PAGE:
Date of Graduation

5-2021

Document Type

Dissertation

Degree Name

Doctor of Philosophy in Engineering (PhD)

Degree Level

Graduate

Department

Chemical Engineering

Advisor

Shannon Servoss

Committee Member

Jorge Almodovar

Second Committee Member

Christa Hestekin

Third Committee Member

Chris Griggs

Fourth Committee Member

Audie Thompson

Keywords

Biomaterial, Layer-by-Layer, Microsphere, Peptoid, Sensing, Tissue Engineering

Abstract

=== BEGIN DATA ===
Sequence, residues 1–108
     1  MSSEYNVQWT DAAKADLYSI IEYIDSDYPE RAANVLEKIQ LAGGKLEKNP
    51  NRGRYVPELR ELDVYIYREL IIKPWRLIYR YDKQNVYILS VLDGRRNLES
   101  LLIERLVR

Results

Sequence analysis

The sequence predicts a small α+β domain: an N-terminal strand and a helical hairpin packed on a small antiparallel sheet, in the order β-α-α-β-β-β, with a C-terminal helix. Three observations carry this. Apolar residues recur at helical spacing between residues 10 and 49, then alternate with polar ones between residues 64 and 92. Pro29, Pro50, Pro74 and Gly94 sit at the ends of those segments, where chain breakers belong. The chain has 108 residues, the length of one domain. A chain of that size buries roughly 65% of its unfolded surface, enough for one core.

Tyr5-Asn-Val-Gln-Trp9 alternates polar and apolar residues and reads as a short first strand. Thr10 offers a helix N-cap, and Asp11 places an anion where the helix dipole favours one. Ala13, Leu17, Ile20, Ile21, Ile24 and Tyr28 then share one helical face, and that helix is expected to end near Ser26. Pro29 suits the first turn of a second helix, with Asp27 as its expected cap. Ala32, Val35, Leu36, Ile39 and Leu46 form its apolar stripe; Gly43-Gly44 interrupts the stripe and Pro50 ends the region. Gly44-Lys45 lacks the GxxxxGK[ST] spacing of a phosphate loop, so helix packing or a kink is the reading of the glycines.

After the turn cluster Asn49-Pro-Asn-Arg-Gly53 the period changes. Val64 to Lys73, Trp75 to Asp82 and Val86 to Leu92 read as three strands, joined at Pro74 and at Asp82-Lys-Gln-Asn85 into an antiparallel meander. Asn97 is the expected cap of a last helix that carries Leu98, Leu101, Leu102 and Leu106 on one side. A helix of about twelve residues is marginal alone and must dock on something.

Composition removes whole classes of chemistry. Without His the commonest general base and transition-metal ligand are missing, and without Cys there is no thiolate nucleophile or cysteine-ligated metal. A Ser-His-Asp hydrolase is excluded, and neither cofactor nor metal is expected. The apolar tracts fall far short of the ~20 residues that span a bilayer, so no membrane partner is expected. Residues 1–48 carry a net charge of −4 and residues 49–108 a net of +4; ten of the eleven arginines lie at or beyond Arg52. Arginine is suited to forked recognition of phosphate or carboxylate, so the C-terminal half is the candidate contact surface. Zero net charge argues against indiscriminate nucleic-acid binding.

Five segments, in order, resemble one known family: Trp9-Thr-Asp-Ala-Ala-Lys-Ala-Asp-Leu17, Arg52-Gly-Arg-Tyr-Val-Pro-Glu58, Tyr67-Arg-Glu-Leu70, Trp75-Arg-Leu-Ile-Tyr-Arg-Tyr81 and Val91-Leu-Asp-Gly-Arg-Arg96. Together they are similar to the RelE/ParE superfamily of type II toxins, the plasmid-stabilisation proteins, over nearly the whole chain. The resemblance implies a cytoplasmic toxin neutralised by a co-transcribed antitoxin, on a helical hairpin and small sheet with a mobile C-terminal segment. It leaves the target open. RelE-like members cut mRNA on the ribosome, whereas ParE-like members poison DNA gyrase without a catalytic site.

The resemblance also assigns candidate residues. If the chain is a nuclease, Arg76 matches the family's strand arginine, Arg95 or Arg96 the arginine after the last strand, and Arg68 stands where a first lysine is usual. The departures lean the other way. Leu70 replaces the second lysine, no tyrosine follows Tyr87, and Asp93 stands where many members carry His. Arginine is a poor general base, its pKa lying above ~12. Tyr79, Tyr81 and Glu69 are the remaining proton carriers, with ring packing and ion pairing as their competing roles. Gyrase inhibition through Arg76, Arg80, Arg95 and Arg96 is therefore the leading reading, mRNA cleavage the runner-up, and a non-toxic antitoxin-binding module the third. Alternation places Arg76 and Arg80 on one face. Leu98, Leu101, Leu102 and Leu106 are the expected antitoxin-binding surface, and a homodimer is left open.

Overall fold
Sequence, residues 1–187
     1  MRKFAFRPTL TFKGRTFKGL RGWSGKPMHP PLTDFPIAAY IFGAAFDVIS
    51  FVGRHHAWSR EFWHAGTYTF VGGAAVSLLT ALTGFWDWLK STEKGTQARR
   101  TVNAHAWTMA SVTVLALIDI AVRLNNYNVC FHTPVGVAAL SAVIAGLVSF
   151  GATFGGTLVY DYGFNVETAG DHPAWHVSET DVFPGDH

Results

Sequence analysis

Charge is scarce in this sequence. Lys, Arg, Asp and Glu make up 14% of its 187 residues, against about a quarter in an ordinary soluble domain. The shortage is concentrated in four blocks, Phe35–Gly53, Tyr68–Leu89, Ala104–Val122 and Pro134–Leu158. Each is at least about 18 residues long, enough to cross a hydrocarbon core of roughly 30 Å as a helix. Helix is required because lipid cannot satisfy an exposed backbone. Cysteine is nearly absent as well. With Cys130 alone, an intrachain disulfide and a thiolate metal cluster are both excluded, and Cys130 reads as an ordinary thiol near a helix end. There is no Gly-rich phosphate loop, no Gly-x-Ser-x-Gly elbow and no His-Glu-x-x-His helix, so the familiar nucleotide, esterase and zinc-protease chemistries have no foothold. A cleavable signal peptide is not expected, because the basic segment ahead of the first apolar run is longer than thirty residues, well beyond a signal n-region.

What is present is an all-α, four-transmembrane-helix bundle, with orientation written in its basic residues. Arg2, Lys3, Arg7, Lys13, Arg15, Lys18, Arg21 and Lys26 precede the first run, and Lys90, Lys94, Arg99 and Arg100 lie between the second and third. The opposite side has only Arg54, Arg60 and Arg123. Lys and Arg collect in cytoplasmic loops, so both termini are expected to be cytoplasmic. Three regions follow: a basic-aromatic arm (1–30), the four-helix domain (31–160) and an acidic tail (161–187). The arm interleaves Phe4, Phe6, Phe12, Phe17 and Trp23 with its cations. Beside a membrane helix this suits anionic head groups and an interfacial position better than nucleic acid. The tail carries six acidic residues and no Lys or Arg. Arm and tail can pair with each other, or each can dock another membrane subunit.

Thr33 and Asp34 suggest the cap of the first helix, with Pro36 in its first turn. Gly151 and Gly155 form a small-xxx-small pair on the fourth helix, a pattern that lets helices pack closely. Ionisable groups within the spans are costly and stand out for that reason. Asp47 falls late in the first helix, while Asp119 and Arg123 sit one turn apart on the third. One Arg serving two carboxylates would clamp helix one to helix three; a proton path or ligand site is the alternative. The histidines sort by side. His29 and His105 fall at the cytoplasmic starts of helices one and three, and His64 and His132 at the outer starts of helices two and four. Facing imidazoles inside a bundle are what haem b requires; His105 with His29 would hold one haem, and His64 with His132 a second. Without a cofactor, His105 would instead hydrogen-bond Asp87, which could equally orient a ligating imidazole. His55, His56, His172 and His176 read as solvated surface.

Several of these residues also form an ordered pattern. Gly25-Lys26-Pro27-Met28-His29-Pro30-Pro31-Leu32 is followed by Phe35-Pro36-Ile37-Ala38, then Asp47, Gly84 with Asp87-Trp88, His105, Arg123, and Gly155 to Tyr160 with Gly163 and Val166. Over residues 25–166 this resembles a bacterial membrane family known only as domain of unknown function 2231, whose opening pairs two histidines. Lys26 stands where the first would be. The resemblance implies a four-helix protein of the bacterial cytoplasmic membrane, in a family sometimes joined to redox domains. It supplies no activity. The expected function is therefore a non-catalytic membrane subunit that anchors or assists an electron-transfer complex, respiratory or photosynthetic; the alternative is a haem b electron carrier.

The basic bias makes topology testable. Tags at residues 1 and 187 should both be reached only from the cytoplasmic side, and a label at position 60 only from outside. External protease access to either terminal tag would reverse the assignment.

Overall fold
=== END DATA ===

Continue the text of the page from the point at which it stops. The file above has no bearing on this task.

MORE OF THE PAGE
Peptoids are peptidomimetic oligomers that predominantly harness similarities to peptides for biomimetic functionality. The incorporation of chiral, aromatic side chains in the peptoid sequence allows for the formation of distinct secondary structures and self-assembly into supramolecular assemblies, including microspheres. Peptoid microspheres can be coated onto substrates for potential use in biosensor technologies, tissue engineering platforms, and drug-delivery systems. They have the potential for use in biomedical applications due to their resistance to proteolytic degradation and low immunogenicity. This dissertation focuses on the physical characteristics and robustness of the peptoid microsphere coatings in various physiological conditions, along with their ability to serve as ELISA microarray and tissue engineering substrates. We have shown that the peptoid microspheres are suitable substrates for layer-by-layer technologies to create biomimetic artificial extracellular matrices for tissue engineering. Overall, this study demonstrates that peptoid microsphere coatings are suitable materials for many biological applications.

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